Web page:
Here's a question regarding U.S. Supreme Court nominee Sonia Sotomayor that the Obama White House needs to answer: What's the hurry, especially when Democrat control of the Senate virtually guarantees her confirmation?
A similarly unseemly stampede toward confirmation of a Republican president's Supreme Court nominee by a GOP-controlled Senate would beg the same question.
The problem is not partisanship but a pace at odds with the Senate's constitutional duty of "advice and consent."
The White House counsel bragged online about Ms. Sotomayor's unusually swift completion of her nomination questionnaire. Senate Republicans rightly want more time to deal with matters left out of her responses.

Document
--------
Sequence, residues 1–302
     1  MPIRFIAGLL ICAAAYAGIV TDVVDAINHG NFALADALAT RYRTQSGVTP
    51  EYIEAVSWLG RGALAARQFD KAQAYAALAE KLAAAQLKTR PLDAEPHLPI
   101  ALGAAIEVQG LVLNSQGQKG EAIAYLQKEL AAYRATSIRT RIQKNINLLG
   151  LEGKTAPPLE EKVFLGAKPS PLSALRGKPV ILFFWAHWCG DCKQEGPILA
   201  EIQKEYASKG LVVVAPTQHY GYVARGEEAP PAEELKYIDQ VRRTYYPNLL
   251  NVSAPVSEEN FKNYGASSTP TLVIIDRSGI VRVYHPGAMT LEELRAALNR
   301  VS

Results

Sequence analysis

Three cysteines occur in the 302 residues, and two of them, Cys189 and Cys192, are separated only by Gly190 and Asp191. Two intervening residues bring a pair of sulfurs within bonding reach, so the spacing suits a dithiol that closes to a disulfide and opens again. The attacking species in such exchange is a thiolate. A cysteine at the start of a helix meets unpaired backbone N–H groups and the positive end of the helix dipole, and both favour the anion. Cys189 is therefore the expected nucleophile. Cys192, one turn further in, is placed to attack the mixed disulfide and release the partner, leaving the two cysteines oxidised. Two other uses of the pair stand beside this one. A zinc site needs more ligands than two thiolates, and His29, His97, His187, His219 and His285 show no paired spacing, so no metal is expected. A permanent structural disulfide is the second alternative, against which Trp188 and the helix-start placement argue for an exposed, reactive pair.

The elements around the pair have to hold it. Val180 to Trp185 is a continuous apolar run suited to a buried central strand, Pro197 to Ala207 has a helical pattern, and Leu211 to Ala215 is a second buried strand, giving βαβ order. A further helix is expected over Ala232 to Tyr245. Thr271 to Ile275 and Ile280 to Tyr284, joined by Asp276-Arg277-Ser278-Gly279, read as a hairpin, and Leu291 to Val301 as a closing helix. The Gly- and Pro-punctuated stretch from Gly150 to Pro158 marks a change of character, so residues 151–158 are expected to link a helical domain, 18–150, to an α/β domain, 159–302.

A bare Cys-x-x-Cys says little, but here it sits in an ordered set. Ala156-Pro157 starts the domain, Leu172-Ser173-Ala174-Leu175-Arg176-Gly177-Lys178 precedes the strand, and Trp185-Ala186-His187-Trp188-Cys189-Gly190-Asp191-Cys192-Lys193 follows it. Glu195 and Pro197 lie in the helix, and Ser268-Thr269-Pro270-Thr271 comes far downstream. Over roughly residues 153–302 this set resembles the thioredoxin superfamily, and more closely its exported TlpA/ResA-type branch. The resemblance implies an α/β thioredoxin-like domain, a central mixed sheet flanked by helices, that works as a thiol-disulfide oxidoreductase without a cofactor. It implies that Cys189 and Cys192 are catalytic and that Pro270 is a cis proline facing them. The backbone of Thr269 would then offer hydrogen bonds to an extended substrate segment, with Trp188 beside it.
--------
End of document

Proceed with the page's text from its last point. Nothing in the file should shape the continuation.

Senate Judiciary Committee Chairman Patrick Leahy, D-Vermont, has set Sotomayor's hearing to start July 13, just 48 days after her nomination; for Chief Justice John Roberts, it was 55 days. Again, GOP senators' desire for more time is legitimate, particularly because the Supreme Court's next term doesn't begin until Oct. 5.
Supreme Court justices are appointed for life, so haste in confirming them is extraordinarily unwise. The breakneck speed with which the White House and Senate Democrats are moving toward Sotomayor's confirmation does a disservice to her, the Senate, the high court and the nation.
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